Shae Buchman, Rosemount Class of 2018
- Parc Williams for the hurdles
- Jay Hatleli for the long jump
- Doug Anderson for long jump
- Brett Larson for the relays
- 100 Hurdles - 14.08 (MSHSL State Meet Record, MN All Time #2)
- Long Jump - 18-1/2
- 300 Hurdles - 45.77
- 2017 State Champion 100 Hurdles/2nd Place Long Jump
- 2016 4th Place 100 Hurdles/State Qualifier Long Jump
What are some of the adversities you've faced, and what have been your solutions to them?
As a freshman hurdler, I fell 3 times, and in grades 8-10, I had hamstring and/or quadriceps injuries. In addition, I've had to be careful with shin injuries.
I have found that rest has helped her the most to recover. Also, I've found in recent years that working out in the Rosemount Dome on Mondays, Wednesdays, and Fridays have prepared her better for track. Typically I do 600-500-400-300-200 cutdowns, plyometrics, short sprints, and/or hurdle drills (but not all the same day, of course!)
I've also improved my diet by cutting out junk food (with the exception of "Treat Yourself Friday"). I've done some reading about what is good for sprinters to eat, and I also make sure I drink lots of water.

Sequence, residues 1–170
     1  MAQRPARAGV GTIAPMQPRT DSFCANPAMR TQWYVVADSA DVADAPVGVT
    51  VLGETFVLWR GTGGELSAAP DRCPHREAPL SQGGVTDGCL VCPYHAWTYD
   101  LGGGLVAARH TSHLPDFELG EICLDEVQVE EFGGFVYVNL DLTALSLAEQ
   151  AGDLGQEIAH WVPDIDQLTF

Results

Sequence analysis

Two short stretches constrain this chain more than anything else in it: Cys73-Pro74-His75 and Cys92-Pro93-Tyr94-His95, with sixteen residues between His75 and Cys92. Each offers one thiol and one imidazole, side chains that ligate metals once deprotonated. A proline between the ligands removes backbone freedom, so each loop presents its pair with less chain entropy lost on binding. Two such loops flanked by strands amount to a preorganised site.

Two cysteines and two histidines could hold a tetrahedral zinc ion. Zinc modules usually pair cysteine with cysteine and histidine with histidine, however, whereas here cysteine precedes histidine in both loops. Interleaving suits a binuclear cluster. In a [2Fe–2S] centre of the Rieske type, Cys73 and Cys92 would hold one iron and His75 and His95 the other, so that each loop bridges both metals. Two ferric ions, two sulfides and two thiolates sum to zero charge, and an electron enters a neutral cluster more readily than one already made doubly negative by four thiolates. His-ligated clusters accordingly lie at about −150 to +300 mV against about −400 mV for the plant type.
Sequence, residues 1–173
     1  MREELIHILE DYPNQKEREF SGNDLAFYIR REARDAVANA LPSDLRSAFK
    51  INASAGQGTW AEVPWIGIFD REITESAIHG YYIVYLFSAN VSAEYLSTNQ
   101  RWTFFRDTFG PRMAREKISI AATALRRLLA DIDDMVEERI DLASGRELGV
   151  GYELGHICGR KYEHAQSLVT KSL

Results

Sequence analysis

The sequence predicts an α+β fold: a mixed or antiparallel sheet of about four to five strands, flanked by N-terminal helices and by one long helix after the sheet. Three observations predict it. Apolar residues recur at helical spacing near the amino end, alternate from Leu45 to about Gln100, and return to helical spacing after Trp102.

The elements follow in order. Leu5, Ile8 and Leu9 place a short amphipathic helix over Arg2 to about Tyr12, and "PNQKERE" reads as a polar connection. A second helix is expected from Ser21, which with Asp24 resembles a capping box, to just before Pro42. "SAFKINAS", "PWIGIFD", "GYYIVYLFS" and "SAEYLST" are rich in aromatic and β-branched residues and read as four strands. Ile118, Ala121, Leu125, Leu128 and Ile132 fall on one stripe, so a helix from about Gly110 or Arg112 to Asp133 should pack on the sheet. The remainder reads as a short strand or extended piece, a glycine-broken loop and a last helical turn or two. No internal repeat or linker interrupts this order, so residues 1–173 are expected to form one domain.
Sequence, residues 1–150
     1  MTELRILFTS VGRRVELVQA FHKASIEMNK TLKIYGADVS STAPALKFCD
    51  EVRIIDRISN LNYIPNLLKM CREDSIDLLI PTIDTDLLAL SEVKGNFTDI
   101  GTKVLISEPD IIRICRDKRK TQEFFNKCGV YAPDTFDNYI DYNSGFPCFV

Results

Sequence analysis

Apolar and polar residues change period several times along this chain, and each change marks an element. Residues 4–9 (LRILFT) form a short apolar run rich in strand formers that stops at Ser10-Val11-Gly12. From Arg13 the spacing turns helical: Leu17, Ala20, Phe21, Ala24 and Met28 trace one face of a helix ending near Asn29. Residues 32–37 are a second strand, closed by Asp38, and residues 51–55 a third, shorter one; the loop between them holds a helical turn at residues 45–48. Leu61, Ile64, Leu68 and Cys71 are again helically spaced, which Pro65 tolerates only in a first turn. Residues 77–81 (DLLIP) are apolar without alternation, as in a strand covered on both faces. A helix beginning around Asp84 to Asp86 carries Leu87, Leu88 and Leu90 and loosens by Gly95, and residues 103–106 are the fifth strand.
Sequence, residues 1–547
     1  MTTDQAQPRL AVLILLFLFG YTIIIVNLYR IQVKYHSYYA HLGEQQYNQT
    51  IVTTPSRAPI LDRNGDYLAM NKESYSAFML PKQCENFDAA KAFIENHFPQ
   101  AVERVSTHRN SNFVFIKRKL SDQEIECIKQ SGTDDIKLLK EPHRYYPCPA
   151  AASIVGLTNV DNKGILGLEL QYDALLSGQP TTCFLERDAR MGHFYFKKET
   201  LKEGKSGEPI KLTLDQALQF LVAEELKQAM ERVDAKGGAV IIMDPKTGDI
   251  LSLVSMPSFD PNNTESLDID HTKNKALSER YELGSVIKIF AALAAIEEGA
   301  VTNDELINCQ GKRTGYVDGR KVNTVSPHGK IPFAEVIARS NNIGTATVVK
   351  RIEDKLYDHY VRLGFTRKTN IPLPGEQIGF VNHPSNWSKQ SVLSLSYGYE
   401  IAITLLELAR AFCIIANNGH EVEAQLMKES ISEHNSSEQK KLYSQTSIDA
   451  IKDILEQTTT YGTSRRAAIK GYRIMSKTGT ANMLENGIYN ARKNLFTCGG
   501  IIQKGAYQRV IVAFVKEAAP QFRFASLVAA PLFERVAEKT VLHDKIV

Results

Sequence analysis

What advice do you have for young hurdlers? How about long jumpers?
Rhythm might be the most important. You have to get your steps down but in rhythm. Balance and snapping the lead leg down. We have drills for all of these and also ones for the trail leg.
For long jumpers, you have to be explosive and go for height!
With the three events I do shin splints can be a problem no matter how good of shape I am in. So my coaches and I pay attention to how I feel during practice. If I tweak a muscle I have to back off, sometimes for the day. The event that can be the most difficult for shin splints and overwork is the long jump. But you do have to do the run-throughs in that event and get your steps down.